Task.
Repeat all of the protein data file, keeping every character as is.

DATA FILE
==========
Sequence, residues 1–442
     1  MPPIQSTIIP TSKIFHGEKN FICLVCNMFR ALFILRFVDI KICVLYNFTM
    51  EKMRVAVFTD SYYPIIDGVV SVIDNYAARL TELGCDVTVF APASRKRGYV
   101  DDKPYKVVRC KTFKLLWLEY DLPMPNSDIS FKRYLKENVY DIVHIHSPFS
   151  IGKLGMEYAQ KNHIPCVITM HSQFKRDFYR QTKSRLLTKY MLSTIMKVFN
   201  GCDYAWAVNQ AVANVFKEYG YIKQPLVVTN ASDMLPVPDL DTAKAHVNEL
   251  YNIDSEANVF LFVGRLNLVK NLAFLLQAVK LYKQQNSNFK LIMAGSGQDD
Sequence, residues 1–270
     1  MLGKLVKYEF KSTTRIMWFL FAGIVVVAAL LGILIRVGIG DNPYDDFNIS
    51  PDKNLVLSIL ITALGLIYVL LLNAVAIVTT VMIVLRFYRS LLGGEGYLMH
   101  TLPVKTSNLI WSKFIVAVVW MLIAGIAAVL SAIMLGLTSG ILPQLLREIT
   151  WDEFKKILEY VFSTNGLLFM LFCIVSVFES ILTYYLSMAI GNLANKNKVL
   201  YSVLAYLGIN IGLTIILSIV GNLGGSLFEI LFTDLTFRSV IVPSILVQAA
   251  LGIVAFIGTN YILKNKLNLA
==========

Sequence, residues 1–442
     1  MPPIQSTIIP TSKIFHGEKN FICLVCNMFR ALFILRFVDI KICVLYNFTM
    51  EKMRVAVFTD SYYPIIDGVV SVIDNYAARL TELGCDVTVF APASRKRGYV
   101  DDKPYKVVRC KTFKLLWLEY DLPMPNSDIS FKRYLKENVY DIVHIHSPFS
   151  IGKLGMEYAQ KNHIPCVITM HSQFKRDFYR QTKSRLLTKY MLSTIMKVFN
   201  GCDYAWAVNQ AVANVFKEYG YIKQPLVVTN ASDMLPVPDL DTAKAHVNEL
   251  YNIDSEANVF LFVGRLNLVK NLAFLLQAVK LYKQQNSNFK LIMAGSGQDD
Sequence, residues 1–270
     1  MLGKLVKYEF KSTTRIMWFL FAGIVVVAAL LGILIRVGIG DNPYDDFNIS
    51  PDKNLVLSIL ITALGLIYVL LLNAVAIVTT VMIVLRFYRS LLGGEGYLMH
   101  TLPVKTSNLI WSKFIVAVVW MLIAGIAAVL SAIMLGLTSG ILPQLLREIT
   151  WDEFKKILEY VFSTNGLLFM LFCIVSVFES ILTYYLSMAI GNLANKNKVL
   201  YSVLAYLGIN IGLTIILSIV GNLGGSLFEI LFTDLTFRSV IVPSILVQAA
   251  LGIVAFIGTN YILKNKLNLA